Plastic. We speak about it a lot here on the Ecospot, which, for an eco design blog may first appear a bit odd. But it is one of the most prevalent materials on our planet, reaches to every corner of the globe, and despite being mostly derived from oil, is considered cheap and throwaway. It is possibly one of our biggest material and design challenges we have. So, our studio research is based around plastic a great deal, especially marine plastic. Plastic is precious and should not be a throwaway material – so we were really excited to see Precious Plastic launched by Dutch designer Dave Hakkens last week…
The culmination of over two years work, Precious Plastic aims to rethink our personal connections with the recycling of plastic. We are all very used to sticking plastic in our recycling bins and allowing our local authorities ship it on to recycling and reprocessing specialists, but we don’t do anything with it ourselves. We are divorced from the recycling process.
But instead of seeing plastic as ‘waste’ we could be thinking about it as a material ripe for recovery and reprocessing into new things. And let’s be honest, plastic waste is something we see floating around our streets and in our oceans no matter where we live. We certainly do not have a shortage of raw materials.
So what is Precious Plastic? Basically, Hakkens has designed a set of four, open source machines that mimic the types of large processing machinery used in plastic production but that use pieces of stuff that you can, again, find anywhere on the planet. Bits of old oven, old metal scraps, generic pieces that can be adapted to what you have.
Starting with a shredder to process your plastic, the three remaining machines allow you to DIY injection mould, extrude and compress your raw plastic to create a range of new forms. All open source with downloadable plans.
But as well as being a DIY project, Hakkens suggests that you could even set up your own mini design and make workshop using the system using recovered plastic and even ask people to bring their plastic to you, which you could repay with money or products.
As well as the hands-on and open source element of this project, we love the fact that Precious Plastic is exactly that – communicating the fact that this ‘throwaway material’ is everything but. It is precious and has a value. Imagine a world where all our waste had a value. That would be the first step towards a circular economy for sure.
Head over to Precious Plastic to learn more about the project, look at the videos, share the story and get involved.
It appears to be IKEA week here on the blog, but there were two launches that particularly caught our eye. Yesterday we were looking at the new indoor gardening kit being launched by the global behemoth, today we are looking at their Art Event 2016 – and one particular print and artist in particular that uses marine plastic…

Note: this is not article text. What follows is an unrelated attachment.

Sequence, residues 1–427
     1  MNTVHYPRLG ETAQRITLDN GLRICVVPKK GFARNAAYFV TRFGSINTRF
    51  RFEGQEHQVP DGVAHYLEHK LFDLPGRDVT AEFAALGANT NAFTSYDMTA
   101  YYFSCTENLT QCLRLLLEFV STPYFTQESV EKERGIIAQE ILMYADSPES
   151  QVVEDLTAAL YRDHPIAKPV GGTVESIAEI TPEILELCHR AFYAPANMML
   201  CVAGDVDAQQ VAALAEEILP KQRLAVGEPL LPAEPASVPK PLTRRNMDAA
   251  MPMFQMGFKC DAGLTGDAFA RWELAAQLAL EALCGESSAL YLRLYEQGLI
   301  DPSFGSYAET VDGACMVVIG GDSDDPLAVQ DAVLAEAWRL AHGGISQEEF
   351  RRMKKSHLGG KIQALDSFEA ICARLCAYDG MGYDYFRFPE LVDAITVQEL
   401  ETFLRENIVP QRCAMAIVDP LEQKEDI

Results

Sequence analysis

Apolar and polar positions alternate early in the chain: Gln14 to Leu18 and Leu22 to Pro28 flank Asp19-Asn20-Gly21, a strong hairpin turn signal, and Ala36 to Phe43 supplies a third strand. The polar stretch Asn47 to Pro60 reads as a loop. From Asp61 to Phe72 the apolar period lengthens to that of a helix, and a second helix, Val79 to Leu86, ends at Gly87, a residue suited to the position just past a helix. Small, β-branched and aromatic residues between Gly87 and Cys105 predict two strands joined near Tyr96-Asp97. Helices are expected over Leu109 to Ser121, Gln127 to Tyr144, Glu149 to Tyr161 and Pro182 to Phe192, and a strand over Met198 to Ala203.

Mandy Barker is a photographer based in Leeds who, like us, has become obsessed with the masses of plastic based marine litter that is accumulating in our global oceans. Her photographic print for IKEA features marine plastic recovered from across the world, brought together into one, circular mass.
“It gives the impression of a universe, an almost hidden world under the sea, using the accumulation of plastic debris you find there.”
We find this a really poignant choice for IKEA. Whilst they do have a forward thinking sustainability policy their use of plastic in their products is incredibly well known. Sure, plastic means colour and durability, but the cheap cost of the products on the shelves do not scream of a product to be kept and cherished long term. Were there any IKEA derived marine plastics in the image we wonder.
Of course, once a product has left the stores it is up to us what happens to it – we hold the responsibility as the users, but even still, we think this marine plastic print by Mandy Barker speaks volumes.
Is this IKEA facing the responsibility for the impact of it’s products through it’s prints? Who knows.
But if this marine plastic print raises more of an awareness of this huge global issue, then that can only be good. We may even get one ourselves for the studio.
Morning in any large town or city. The streets, buses and trains are full of people winding their way sleepily to work. Needing a perk, many are carrying a take away cup of coffee from their preferred shop. The white and green of Starbucks, the maroon of Costa, the blue of Cafe Nero. Slurping down the last of the buzzy caffeine and soothing froth, the plastic lidded cups are deposited in street bins, office bins and recycling bins alike. The day begins. A typical day which sees over 2.5 billion take away coffee cups discarded in the UK each year…